Clearly, our results demonstrate that mMRC and BDI scores are not interchangeable for the assessment of dyspnea in an individual patient. mMRC remains a standard tool to evaluate dyspnea in daily practice, and its usefulness is highly emphasized in the new GOLD document. Although the suggested cut-off to define significant symptoms was set at grade 2, recent data suggest that patients with mMRC grade 1 may already exhibit a significant impact of COPD, as assessed by the COPD assessment test (CAT) score.26 However, the vast majority of our patients with grade 1 mMRC had a BDI ≥5 (Figure 2). The reproducibility of mMRC and BDI scores in stable COPD patients have been found to be satisfactory,15,20 although it might be less for the “classic” BDI than with the self-administered version,12 which is not available in French at present. The discrepancies between BDI and MRC assessments are therefore likely to be reproducible, but the present study was not designed to answer this question.

Determinants of dyspnea

The second main finding of present study is that FEV1, hyperinflation, depression, and comorbidities are all major determinants of mMRC and BDI dyspnea scores. Determinants of dyspnea remain poorly understood in COPD due to the complexity of this symptom and its interindividual variability for the same level of physiologic impairment, for instance, FEV1. The moderate relationship with spirometry has been previously found using both mMRC and BDI scores,3 although overall dyspnea scores deteriorate significantly with GOLD stages.15 Our results confirm these data.27,28

In our patients, hyperinflation was a significant determinant of dyspnea, but the correlation was lower than for FEV1. A few studies have evaluated the relationship between dyspnea and the level of resting hyperinflation. Nishimura et al recently showed a significant relationship with dyspnea, but these authors also found a lower level of correlation than for FEV1.29 A similar level of correlation with dyspnea intensity was found for RV/TLC.24 Our results with IC/TLC confirm these findings.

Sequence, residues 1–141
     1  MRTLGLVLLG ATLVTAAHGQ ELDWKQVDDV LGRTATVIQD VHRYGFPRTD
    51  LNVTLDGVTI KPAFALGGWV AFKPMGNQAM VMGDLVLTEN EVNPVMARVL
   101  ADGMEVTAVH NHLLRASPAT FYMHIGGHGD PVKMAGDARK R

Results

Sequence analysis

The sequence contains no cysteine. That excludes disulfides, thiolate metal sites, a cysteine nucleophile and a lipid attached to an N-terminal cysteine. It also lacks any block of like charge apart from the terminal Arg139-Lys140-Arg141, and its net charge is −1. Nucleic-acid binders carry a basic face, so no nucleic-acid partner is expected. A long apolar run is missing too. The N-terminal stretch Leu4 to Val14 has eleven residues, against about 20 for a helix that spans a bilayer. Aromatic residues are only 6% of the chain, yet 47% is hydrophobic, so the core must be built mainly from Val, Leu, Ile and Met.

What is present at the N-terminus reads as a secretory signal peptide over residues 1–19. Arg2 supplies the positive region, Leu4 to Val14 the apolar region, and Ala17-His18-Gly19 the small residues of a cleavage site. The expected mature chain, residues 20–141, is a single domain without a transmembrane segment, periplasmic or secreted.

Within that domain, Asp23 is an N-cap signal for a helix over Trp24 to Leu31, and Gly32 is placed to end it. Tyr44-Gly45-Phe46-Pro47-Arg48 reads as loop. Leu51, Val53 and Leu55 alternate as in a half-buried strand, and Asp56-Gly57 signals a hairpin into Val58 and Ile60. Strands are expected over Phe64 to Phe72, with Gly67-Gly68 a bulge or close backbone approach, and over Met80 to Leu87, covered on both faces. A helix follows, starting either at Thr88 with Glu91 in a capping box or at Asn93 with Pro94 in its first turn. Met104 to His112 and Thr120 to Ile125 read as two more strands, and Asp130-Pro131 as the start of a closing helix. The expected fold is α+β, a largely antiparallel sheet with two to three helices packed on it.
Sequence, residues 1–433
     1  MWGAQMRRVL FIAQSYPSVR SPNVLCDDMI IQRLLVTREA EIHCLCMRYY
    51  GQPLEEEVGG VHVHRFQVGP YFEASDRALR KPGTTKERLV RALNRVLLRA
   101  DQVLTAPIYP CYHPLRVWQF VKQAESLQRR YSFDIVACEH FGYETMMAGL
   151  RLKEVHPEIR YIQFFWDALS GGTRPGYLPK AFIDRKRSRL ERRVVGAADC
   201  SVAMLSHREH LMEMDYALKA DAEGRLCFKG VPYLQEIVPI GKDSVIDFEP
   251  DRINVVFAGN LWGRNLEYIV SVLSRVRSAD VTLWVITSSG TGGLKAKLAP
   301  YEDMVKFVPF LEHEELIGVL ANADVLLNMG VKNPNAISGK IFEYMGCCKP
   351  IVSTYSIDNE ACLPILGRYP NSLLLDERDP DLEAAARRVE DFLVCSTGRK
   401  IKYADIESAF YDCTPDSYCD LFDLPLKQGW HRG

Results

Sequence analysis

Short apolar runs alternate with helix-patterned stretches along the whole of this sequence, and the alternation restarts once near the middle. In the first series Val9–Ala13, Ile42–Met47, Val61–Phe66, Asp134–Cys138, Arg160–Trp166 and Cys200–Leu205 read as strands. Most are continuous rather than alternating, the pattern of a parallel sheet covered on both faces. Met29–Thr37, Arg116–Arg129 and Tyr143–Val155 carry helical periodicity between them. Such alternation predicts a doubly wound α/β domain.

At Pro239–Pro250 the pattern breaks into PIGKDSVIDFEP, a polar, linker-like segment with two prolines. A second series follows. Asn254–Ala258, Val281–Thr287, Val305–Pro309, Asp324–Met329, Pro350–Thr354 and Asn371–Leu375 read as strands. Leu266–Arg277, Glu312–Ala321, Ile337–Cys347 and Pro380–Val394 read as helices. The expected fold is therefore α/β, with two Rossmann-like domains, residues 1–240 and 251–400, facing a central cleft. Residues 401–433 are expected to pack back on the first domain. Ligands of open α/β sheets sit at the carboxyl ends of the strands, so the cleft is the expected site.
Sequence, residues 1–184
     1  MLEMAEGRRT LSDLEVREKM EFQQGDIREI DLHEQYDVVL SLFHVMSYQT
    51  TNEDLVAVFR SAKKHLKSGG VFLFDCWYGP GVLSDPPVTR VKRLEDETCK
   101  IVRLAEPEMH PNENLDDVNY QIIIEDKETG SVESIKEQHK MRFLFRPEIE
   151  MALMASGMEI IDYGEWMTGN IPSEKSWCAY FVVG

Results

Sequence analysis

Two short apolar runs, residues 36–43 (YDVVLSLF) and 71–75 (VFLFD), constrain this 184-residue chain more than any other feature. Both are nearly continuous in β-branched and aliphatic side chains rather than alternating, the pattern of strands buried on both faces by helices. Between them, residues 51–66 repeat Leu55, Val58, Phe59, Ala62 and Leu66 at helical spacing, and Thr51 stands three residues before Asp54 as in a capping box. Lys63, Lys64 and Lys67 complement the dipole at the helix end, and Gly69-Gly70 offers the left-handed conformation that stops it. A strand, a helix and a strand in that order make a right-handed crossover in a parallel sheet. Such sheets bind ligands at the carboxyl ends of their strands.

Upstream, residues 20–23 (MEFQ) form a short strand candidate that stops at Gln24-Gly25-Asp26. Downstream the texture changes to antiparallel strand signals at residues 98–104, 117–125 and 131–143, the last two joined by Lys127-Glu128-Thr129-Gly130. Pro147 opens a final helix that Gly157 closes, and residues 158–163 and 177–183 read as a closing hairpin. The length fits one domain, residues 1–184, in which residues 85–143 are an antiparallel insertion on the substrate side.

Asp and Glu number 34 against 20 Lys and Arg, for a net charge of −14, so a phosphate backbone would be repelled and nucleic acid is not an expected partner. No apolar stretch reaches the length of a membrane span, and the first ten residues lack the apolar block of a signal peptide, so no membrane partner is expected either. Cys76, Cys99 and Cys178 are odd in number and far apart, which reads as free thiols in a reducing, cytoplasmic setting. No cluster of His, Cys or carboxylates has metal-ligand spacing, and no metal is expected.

Although dyspnea is classically more severe in COPD patients with significant anxiety,6,30 conflicting results have been reported recently.31 Notably, factor analysis demonstrated that anxiety was found to be a clearly different factor from dyspnea.24 Although significant in univariate analysis, anxiety was no longer a contributing factor in our multivariate analysis, especially after taking into account the level of depression.

Depression is a frequent comorbidity of COPD, although its prevalence varies widely among studies.8 The relationship between depression and dyspnea has, however, been less investigated than for anxiety. Sanchez et al recently performed a principal component analysis including dyspnea (MRC and BDI), HRQoL, HAD score, and plethysmography data in a large population of 328 patients with altered ventilatory capacity, including 128 COPD patients. Surprisingly, psychological status and dyspnea appeared as separate dimensions.28 The authors hypothesized that BDI and MRC only reflected the sensory dimension of dyspnea, thus neglecting its affective component. Conversely, another study also found that depression was a significant contributor to low HRQoL (SGRQ) in multivariate analysis.23 In our patients, depression appeared much more significantly associated with dyspnea assessed by BDI in multivariate analysis than by mMRC. Treatment of depression in COPD may improve symptoms and HRQoL in COPD patients,32 but randomized studies are clearly lacking to evaluate its impact on dyspnea.

Exacerbation rate is significantly associated with dyspnea in both mMRC and BDI models. The relation between exacerbations and dyspnea is well demonstrated as well as their negative impact on HRQoL.23 Our patients were evaluated in stable condition, but repeated exacerbations may play a role in anticipating forthcoming episodes of increased dyspnea and limitation, leading to what can be called “kinesiophobia” or dyspnea-related fear.31